The Catholic Church has attracted a lot of unwanted attention over the years. It has faced criticisms for the prevalence of sexual abuse in the Church and leaders’ efforts to cover up these cases. Accusations date back to the 1950s, but three decades passed before reports in Canada and America put a glaring spotlight matter. If you or a family member has experienced sexual abuse by a Catholic Priest, you have options. Crowe Arnold & Majors, LLP can help.
What is the Catholic Church’s Role in Priest Sexual Abuse Cases?
In recent years, the Catholic Church has attempted to address the decades-long allegations of sexual abuse perpetrated by its clergy. One significant response was in 2001 when, under Pope John Paul II, the Church implemented new policies to handle allegations of abuse by clerics.
The policies detailed in the Sacramentorum Sanctitatis Tutela (SST) provided a guideline for Church leaders dealing with allegations and created a trial process. However, survivors and advocates say it is insufficient for preventing abuse and punishing abusers.
Pope Francis has also enacted a series of measures to address the prevalence of sexual abuse within the Church. In 2019, he issued an apostolic letter called Vos Estis Lux Mundi, which established new procedural norms for reporting abuse cases and supporting victims. Pope Francis also abolished the “pontifical secret” rule that previously kept much of the Church’s handling of abuse allegations confidential. It made it easier for Church officials to cooperate with civil authorities.
The State of Catholic Sexual Abuse Cases in America
One USA Today article reported that more than 150 Baltimore Catholic Priests sexually abused over 600 children from the 1940s onward. Some priests allegedly told their victims they would go to hell if they reported the incidents. Others said it was “God’s will.”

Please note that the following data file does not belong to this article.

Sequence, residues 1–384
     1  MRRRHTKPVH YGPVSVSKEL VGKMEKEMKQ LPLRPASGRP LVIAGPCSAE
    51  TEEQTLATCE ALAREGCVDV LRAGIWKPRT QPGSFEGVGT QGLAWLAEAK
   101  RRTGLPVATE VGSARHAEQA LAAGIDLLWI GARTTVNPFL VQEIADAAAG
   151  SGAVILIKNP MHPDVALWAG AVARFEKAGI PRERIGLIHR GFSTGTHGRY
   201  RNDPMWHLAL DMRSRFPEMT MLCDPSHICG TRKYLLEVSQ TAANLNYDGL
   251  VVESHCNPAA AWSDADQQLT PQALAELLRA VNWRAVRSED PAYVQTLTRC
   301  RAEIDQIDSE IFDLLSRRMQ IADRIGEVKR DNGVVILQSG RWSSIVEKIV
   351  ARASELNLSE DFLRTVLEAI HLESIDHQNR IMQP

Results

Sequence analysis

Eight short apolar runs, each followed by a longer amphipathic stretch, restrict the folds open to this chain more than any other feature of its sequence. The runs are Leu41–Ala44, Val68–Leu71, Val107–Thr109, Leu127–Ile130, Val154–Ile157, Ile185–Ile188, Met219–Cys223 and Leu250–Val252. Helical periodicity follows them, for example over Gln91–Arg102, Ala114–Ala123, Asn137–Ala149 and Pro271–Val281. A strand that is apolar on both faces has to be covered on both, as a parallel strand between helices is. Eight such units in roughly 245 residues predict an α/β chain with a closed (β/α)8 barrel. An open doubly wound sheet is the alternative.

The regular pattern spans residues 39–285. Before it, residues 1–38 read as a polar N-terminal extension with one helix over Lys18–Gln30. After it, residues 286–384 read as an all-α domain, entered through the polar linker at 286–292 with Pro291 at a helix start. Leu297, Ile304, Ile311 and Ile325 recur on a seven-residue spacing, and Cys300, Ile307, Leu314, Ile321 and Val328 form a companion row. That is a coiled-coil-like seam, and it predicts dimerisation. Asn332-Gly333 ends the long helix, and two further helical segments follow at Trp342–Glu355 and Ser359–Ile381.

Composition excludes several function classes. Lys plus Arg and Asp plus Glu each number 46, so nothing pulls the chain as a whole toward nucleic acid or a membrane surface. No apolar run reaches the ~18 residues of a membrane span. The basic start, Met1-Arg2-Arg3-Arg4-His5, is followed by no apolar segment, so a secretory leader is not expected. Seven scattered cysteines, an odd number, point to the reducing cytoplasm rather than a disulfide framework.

Cases often involved private settlements and merely moving the priest to another church. For example, one Archdiocese faced allegations and investigations in New Jersey, Massachusetts, and New York. This continued for decades before the Catholic Church finally defrocked him in 2019.
The Right to Seek Legal Damages for Sexual Abuse
The Catholic Church still has much to do to effectively protect people from sexual abuse. It must be more transparent in handling abuse cases and ensure those responsible and their protectors face repercussions. An experienced clergy sexual abuse lawyer can help you review your options.
The good news is that you do not need to wait for the Catholic Church to take responsibility. You may report the incident to your local law enforcement authorities. If the incident crossed state lines, you could even involve the FBI. Last year, the FBI expanded its investigations into sexual abuse in the Catholic Church in Louisiana. This was an unprecedented move for the agency.
So, can you sue the Catholic Church for sexual abuse in Texas? Yes, you may file a civil suit to recover damages for your case. A 2019 Texas law makes it easier for you to file a civil lawsuit up to 30 years from when an abused minor turned 18. However, there are some details you may need to review with an experienced attorney.
In 2022, the Biden administration also removed the statute limitations for civil cases involving child sex abuse victims. Notable actions taken in other parts of America include the New Jersey Survival Action, which allows surviving family members to claim damages for deceased victims.
Why You Should Hire Trusted Clergy Sexual Abuse Lawyers at Crowe Arnold & Majors
The Catholic Church has decades of experience fighting sexual abuse allegations. It has a lot of resources around the world ― even if one part of the church files for bankruptcy or shuts its doors.
Our team of experienced attorneys have the knowledge to level the playing field and protect your rights. Our team serves the entire Dallas-Fort Worth Metroplex, and we can help you.
Let our legal team of experts handle your case. Contact Crowe Arnold & Majors, LLP, for a free consultation. You don’t pay anything unless we recover compensation on your behalf.